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A Waddy resident has come forward to claim the dog confiscated last week in connection with some animal attacks.
However, officials at the Shelby County Animal Shelter refuse to release her dog, the owner said.
“They say they won’t let me have him until they are sure he is not the dog they’re looking for,” said Brenda Tillett of Waddy.
The pit bull is a suspect in animal mutilations that killed several animals in late November and early December and ripped off a cow’s ears as recently as Jan. 6.
Tillett said her pit bull, “Wacko,” whom she acquired from a rescue organization two years ago, is gentle and would not harm anyone.
“He could not be the dog that did all that last year, because he was chained up when that happened,” Tillett said, referring to attacks on livestock that resulted in goats being euthanized.
Animal Control Director Rusty Newton said the attack last Thursday on Speckles, a small, elderly dog, occurred in the yard of its owners, Robert and Elizabeth Tipton. Just before that, a pit bull was seen attacking horses at a barn a short distance away.
The dog was saved from injury by two sisters, who beat the attacking pit bull with a pipe to make it let go of Speckles, something that Tillett said was unmerited.
“Everybody knows that dog [Speckles] is loose all the time,” she said. “Those girls beat Wacko and tried to run a stick down his throat.”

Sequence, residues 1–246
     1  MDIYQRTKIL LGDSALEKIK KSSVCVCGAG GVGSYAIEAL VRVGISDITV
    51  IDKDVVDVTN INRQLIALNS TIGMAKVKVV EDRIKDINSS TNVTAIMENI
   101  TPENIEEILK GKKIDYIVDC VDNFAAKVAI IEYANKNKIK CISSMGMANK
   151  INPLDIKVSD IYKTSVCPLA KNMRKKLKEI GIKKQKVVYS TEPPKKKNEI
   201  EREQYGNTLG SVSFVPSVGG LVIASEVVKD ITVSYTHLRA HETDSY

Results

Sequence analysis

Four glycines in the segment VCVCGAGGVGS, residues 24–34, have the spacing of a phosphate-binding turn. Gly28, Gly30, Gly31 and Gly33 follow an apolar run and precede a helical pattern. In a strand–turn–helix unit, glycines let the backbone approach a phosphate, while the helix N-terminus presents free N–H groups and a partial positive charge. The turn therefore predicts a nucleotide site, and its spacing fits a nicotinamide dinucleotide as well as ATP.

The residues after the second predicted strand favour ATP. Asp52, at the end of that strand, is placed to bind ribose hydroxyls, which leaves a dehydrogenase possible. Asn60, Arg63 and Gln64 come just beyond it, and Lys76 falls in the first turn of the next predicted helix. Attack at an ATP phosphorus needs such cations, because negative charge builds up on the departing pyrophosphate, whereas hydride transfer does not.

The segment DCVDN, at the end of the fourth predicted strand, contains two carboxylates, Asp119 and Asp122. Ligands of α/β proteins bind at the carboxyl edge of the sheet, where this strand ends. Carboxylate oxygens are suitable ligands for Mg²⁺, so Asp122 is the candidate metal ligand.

The Tipton sisters were said to have jammed a stick into the pit bull’s mouth to get it to let go of Speckles.
Tillett said “Wacko” was not running loose that day, because he had been stolen the previous evening.
“The night before, we saw a mysterious car in the driveway, but we thought it was just somebody turning around,” she said.
The next morning, Wacko was gone, she said.
She said her 10-year-old daughter is inconsolable over the loss of the pit bull.
“She can’t understand why her dog can’t come home,” Tillett said.
Do authorities think Wacko is responsible for the previous carnage that had the entire community near panic?
Newton said that at this time he only could say that it’s possible.
“I don’t want everybody to jump to conclusions yet,” he said, adding that all is known at this point is that the pit bull did attack the horses and Speckles.
His plan right now is to keep the dog confined for a while and see if the attacks stop or if they continue.
“But that’s not necessarily conclusive either,” he said. “The attack in January was a month after the other attacks.”
Newton said the animal has not shown any aggression toward the animal shelter employees.
He added that Tillett lives on Hickory Ridge, which is just a short distance away from Kings Highway.